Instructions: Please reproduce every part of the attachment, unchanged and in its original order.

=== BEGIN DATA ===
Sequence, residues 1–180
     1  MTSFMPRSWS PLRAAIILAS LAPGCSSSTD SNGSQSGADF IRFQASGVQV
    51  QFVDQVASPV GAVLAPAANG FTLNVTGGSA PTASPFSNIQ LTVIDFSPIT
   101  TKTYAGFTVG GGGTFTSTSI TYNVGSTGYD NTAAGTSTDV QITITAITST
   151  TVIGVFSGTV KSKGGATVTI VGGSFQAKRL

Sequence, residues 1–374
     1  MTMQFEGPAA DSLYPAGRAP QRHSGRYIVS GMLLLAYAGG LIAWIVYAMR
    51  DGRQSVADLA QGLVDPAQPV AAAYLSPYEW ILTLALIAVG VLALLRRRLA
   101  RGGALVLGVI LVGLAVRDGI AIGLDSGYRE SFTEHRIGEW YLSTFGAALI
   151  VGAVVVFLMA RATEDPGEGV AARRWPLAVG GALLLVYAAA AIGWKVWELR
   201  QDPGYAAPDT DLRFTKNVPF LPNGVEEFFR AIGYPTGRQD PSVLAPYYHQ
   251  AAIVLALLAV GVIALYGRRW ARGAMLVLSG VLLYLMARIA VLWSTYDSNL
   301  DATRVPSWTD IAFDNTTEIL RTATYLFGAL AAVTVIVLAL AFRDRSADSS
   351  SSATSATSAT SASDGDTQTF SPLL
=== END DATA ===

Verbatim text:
Sequence, residues 1–180
     1  MTSFMPRSWS PLRAAIILAS LAPGCSSSTD SNGSQSGADF IRFQASGVQV
    51  QFVDQVASPV GAVLAPAANG FTLNVTGGSA PTASPFSNIQ LTVIDFSPIT
   101  TKTYAGFTVG GGGTFTSTSI TYNVGSTGYD NTAAGTSTDV QITITAITST
   151  TVIGVFSGTV KSKGGATVTI VGGSFQAKRL

Sequence, residues 1–374
     1  MTMQFEGPAA DSLYPAGRAP QRHSGRYIVS GMLLLAYAGG LIAWIVYAMR
    51  DGRQSVADLA QGLVDPAQPV AAAYLSPYEW ILTLALIAVG VLALLRRRLA
   101  RGGALVLGVI LVGLAVRDGI AIGLDSGYRE SFTEHRIGEW YLSTFGAALI
   151  VGAVVVFLMA RATEDPGEGV AARRWPLAVG GALLLVYAAA AIGWKVWELR
   201  QDPGYAAPDT DLRFTKNVPF LPNGVEEFFR AIGYPTGRQD PSVLAPYYHQ
   251  AAIVLALLAV GVIALYGRRW ARGAMLVLSG VLLYLMARIA VLWSTYDSNL
   301  DATRVPSWTD IAFDNTTEIL RTATYLFGAL AAVTVIVLAL AFRDRSADSS
   351  SSATSATSAT SASDGDTQTF SPLL